By Dan Gilgoff, God & Country
Most readers posting comments agreed with me that Republican National Committee Chairman Michael Steele was right in asserting that the GOP base rejected Mitt Romney partly because he's a member of the Church of Jesus Christ of Latter-day Saints. But unlike Steele, a lot of them say they're troubled by that apparent bias.
I'm surprised that Steele hasn't taken the opportunity to denounce anti-Mormon bias, even in the sort-of-apology he issued about his Romney remarks yesterday.
I was particularly struck by comments from Republican readers, many of them Mormon, who chided conservative Christians for rejecting Romney over his religious beliefs.
From "Libertarian Mormon" of New York:
...the evangelical base doesn't know a friend when they see one. Nothing bothers me more than having conservative Christians cry because they don't want their candidate to believe in "a different Jesus". They would rather have a candidate that professed ideological purity, but raised tariffs, regulation, and non-military socialistic spending like George Bush.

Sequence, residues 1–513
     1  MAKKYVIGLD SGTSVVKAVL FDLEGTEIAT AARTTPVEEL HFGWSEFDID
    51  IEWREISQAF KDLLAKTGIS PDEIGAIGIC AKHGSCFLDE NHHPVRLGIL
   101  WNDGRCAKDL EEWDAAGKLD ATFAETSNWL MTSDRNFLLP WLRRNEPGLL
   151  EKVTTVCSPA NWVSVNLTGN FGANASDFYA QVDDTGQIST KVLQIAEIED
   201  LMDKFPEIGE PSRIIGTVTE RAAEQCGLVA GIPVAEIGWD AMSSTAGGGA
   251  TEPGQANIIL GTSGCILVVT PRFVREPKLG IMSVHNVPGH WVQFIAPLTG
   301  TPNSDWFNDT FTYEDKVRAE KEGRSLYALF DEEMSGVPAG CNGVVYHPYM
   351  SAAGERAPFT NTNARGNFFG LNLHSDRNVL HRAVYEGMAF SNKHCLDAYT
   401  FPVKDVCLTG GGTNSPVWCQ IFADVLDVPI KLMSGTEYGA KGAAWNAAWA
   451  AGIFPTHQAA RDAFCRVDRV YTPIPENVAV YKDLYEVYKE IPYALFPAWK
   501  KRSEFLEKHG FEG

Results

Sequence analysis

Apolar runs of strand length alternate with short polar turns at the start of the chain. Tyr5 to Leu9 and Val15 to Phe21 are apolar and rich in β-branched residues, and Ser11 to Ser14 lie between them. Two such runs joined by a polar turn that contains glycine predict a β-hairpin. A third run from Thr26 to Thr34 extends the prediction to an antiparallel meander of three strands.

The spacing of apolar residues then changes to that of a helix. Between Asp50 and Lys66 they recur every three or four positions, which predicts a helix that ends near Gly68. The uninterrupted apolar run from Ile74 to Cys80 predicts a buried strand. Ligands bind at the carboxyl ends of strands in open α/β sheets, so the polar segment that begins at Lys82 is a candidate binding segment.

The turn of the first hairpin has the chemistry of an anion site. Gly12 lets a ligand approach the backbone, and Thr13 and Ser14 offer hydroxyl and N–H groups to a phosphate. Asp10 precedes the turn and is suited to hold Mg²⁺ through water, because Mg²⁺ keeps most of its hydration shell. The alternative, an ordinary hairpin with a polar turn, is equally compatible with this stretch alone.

From Jon of Utah:
Put me on the list of Mormons that the Evangelical-fundy wing of the Republican party drove away from the GOP. I was as conservative republican as they come, but couldn't stand the thought of voting with a bloc that so rabidly hates my religious beliefs. While I can't say I agree with 100% of what the Democratic party puts forth, over time I've come to realize that it is much more in line with my religious beliefs than the Republican party ever was.
From ShellyGirl of AZ
As long as the Christian Taliban is hijacking the party, the GOP will never win again. If they keep alienating a segment of their base (Mormons) they will never win again. The religious bigotry is toxic and people are leaving the party in droves to avoid being the next target.
Mitt is honorable. He shares the same values as other Christians. Many Evangelicals do not have a problem with Mitt. It is the rabid, hate-driven pastors afraid of losing their own members (money) that keep religious bigotry alive and well.
If we learn nothing in this century, let us learn to be accepting and loving towards all races, religions, and groups not like ourselves. We don't have to pass laws to support sins, but we need to be inclusive and respectful with our dialog. The GOP is so damaged by religious extremists, it may take several presidential cycles to reform the party. By then, it will be too late. America will have lost her soul.
Anyone else surprised that Steele has identified anti-Mormon bias but hasn't denounced it?